Cinderella Wimbledon Theatre
You can find few things more cheering on a bitter December night than a panto, and there are few London theatres that toss as much at their annual tv show given that brand new Wimbledon. In recent years the theatre has earned a formidable reputation by way of manager Ian Talbot (in charge of a year ago's Aladdin and 2012's snow-white - both great hits) along side its continuous stream of accomplished star turns, from Priscilla Presley to Jo Brand.
In 2010 Linda Gray – best known as alcohol trophy partner Sue Ellen Ewing in cult TV show Dallas – plays the Fairy Godmother. After a tickling video clip spoof for the programme’s opening credits, set around Wimbledon, Gray is uncovered in an on-stage bath filled with spangly curtain (the initial of several satisfying sources for Dallas followers), swigging from a bejewelled hip flask. But regardless of the undeniable Texan allure and some cracking asides (“If this does not get myself part in Downton, we don’t understand what will”), the woman overall performance is shaky – she struggles because of the rhyming parts of the woman speeches and it is instead too tentative with Wimbledon’s game audience.
Thankfully she's buoyed up because of the remaining cast and Talbot’s comprehensive way of household fun. The wonderful chorus opens the show with an uplifting rendition of Pharrell Williams’s Happy (Hackney Empire therefore the Lyric Hammersmith are also applying this track in their pantomimes this year) before we satisfy Cinderella (Amy Lennox) who shuns sickly-sweet heroine in preference of likeable girl next-door.
Providing the obligatory two fold entendres tend to be Matthew Kelly along with his real-life child Matthew Rixon since the ugly siblings. Called after X-Factor judges Cheryl and Mel B, they have been by turns splendidly vapid and gleefully obnoxious, perhaps not the very least once they follow the grating dialogue of the movie stars associated with the best way is Essex (“OMG, like, totes!”).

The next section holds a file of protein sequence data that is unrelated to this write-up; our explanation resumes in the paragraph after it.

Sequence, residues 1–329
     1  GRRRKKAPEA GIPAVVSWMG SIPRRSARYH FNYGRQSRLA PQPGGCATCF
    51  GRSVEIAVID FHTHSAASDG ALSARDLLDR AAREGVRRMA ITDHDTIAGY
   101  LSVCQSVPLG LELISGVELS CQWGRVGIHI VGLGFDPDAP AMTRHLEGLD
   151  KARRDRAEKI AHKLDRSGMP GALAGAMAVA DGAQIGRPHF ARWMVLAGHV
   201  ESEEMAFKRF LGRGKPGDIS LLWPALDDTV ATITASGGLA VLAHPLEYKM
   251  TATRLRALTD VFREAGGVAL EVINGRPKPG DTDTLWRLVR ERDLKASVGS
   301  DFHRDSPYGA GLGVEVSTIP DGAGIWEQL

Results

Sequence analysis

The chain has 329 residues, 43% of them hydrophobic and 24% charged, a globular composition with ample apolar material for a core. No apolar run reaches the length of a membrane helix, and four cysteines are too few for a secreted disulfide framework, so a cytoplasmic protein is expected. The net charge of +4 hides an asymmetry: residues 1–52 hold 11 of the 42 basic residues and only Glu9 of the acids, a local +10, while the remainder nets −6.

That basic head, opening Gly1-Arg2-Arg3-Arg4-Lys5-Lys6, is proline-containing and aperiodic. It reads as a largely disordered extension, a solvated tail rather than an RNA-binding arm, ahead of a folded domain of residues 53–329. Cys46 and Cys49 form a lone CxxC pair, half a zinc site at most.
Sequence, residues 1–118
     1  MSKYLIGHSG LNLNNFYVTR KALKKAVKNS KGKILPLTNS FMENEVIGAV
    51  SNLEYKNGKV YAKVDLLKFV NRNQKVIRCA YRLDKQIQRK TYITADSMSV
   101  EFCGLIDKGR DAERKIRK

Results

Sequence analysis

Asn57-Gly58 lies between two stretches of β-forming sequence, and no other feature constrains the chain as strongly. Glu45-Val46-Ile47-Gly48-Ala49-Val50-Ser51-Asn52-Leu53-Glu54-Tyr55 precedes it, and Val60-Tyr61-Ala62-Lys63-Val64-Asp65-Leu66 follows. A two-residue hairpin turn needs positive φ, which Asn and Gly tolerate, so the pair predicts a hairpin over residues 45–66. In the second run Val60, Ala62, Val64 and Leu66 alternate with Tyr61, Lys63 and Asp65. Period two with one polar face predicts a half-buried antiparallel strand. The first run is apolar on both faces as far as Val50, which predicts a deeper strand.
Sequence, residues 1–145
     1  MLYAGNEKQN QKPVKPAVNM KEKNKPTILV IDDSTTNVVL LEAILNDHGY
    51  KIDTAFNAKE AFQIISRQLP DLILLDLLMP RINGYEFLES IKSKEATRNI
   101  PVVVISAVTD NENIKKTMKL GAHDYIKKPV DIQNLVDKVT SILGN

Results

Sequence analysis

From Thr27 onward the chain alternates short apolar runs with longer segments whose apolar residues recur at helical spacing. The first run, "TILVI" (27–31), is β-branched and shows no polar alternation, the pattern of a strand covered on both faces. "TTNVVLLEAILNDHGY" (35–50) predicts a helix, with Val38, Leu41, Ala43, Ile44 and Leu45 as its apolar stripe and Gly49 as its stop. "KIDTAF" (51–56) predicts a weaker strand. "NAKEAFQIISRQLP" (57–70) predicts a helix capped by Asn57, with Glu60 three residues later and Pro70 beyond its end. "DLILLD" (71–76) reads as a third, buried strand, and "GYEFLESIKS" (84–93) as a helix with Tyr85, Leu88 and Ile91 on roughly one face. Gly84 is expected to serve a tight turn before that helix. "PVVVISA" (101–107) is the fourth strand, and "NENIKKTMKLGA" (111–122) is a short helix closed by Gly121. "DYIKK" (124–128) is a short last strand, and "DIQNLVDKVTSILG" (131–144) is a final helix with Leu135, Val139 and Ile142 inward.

Comedian Tim Vine can also be superb as Buttons. An all natural because of the market and a cracking singer, he masterfully leads the show’s many quick-fire comedy scenes – top concerning a dizzying rally of chocolate-related puns (“you’re up to your normal Twix”). Tech-savvy young ones may also enjoy him in a spooky “it’s behind you” scene, that is provided a spine-tingling 3D perspective.
You will find, however, weaknesses. A number of the tracks feel crow-barred in to the story, previous dancing star Wayne Sleep’s constant pirouetting as Dandini wears thin, while the cast are however to relax into ad-libbing and banter, which may enhance a script that even by pantomime standards includes one way too many obvious gags. Nonetheless it’s difficult to feel also cross about this in among all enjoyable. If the snow machine starts up and Shetland ponies trot out with Cinderella’s carriage, I defy anyone to feel not as much as thoroughly festive.